Elaine May broke down barriers for women in comedy, first as half of the celebrated comic duo Nichols and May, then as one of the few women writer/directors in Hollywood. The daughter of Yiddish theater star Jack Berlin, May made her stage debut at age three. She married Marvin May at sixteen and divorced him a year later, then hitchhiked to Chicago in the early 1950s, where she joined the Compass Players in 1955 and met Mike Nichols, a fellow troupe member. From 1960–1961 the pair performed brilliant improv as An Evening with Mike Nichols and Elaine May, with May playing roles ranging from the stereotypical Jewish mother to more traditionally masculine personae like a scientist or psychiatrist. May went on to act in movies such as 1967’s Enter Laughing, write and direct the 1969 off–Broadway hit Adaptation, and direct movies such as 1972’s The Heartbreak Kid. She co–wrote the celebrated films Heaven Can Wait in 1978 and Tootsie in 1982, and wrote the screenplay for 1998’s Primary Colors. She brought an improv sensibility to her directing, encouraging actors to play with the material over multiple takes. May and Nichols reconnected in 1980 and went on to collaborate on The Birdcage in 1996.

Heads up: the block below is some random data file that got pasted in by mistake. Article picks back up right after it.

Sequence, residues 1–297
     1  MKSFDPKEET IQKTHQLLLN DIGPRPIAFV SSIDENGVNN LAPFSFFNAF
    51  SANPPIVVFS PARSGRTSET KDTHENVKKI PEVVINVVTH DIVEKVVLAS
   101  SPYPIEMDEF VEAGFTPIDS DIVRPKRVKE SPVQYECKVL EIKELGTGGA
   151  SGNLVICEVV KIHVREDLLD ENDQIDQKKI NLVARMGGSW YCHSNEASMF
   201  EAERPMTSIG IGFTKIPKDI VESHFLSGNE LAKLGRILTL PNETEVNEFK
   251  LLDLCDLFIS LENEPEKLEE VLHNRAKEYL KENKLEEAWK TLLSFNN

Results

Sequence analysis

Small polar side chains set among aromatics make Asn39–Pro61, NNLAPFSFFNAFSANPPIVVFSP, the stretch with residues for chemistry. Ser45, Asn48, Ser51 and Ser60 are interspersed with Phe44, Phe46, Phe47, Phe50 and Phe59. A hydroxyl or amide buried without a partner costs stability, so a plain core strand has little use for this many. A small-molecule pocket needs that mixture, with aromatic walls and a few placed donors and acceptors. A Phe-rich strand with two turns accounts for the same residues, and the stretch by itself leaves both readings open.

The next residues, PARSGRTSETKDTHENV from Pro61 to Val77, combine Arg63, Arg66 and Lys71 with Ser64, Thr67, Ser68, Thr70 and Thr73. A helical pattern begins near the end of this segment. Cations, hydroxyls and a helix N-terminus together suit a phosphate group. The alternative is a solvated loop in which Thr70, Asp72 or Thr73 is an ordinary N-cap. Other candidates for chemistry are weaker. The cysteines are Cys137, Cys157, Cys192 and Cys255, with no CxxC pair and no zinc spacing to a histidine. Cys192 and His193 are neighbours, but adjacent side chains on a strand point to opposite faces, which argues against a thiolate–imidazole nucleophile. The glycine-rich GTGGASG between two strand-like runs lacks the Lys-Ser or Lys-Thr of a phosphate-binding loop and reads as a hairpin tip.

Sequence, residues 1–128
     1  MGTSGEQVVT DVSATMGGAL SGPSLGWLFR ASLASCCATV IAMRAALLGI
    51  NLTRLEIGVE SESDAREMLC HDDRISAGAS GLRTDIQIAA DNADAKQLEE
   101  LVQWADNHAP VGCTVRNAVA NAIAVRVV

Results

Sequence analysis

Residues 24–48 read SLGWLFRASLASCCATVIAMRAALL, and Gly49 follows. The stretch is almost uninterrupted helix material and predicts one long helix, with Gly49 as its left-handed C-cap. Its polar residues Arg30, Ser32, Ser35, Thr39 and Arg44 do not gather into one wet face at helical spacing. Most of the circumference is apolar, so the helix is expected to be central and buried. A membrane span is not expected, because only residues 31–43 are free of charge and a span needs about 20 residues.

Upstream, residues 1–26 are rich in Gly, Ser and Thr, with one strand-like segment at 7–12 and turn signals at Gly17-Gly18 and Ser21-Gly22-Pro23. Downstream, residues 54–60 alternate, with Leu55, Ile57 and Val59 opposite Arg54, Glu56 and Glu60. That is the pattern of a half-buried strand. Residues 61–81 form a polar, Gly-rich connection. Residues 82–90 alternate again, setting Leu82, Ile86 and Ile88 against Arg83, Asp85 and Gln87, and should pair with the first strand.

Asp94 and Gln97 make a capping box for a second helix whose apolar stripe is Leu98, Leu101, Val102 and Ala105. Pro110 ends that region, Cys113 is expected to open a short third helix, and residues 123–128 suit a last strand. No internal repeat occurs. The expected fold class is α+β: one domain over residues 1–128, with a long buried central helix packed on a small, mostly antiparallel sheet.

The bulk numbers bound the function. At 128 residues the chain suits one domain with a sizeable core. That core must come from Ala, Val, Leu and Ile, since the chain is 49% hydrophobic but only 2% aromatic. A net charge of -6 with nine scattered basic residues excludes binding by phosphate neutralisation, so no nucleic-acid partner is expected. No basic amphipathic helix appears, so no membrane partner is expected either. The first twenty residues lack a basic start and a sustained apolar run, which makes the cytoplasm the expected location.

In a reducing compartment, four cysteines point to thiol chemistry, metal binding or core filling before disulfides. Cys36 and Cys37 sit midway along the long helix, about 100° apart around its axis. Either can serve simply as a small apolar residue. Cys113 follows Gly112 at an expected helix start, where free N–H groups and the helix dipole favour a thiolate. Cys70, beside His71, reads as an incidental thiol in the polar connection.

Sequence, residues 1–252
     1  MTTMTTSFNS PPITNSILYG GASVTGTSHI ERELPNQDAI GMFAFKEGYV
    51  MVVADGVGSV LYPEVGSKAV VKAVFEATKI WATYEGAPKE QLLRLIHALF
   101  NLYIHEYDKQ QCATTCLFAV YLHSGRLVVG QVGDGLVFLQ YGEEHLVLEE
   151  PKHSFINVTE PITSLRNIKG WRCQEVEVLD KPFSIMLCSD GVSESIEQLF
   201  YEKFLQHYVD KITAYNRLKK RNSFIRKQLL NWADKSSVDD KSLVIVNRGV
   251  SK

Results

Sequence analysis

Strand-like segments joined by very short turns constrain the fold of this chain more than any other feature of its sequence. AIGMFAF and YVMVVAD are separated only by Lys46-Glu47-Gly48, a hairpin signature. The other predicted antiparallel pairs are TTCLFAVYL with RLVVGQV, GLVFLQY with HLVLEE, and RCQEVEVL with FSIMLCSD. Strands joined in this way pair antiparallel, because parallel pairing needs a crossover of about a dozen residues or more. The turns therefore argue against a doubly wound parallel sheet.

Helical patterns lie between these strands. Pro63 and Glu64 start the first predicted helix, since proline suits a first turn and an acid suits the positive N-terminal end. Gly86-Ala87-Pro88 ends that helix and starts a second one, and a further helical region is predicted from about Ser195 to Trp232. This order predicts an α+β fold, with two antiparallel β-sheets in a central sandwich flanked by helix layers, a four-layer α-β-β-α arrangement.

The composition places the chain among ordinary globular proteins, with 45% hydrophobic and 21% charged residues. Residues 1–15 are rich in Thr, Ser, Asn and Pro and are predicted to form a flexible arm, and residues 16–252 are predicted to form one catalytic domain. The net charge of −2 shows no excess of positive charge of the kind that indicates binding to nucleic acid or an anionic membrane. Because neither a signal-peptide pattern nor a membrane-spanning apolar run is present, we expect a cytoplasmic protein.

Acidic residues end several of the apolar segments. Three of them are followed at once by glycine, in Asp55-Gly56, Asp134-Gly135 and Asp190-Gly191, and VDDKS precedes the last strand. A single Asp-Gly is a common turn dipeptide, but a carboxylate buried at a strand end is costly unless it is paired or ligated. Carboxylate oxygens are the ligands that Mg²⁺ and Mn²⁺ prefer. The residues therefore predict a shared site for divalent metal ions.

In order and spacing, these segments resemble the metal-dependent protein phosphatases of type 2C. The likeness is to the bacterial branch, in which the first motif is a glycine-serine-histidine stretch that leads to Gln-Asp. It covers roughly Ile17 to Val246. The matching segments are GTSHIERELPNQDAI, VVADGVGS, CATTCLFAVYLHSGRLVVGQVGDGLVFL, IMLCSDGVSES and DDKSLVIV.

How to cite this page
Jewish Women's Archive. "Elaine May." (Viewed on September 17, 2019) <https://jwa.org/people/may-elaine>.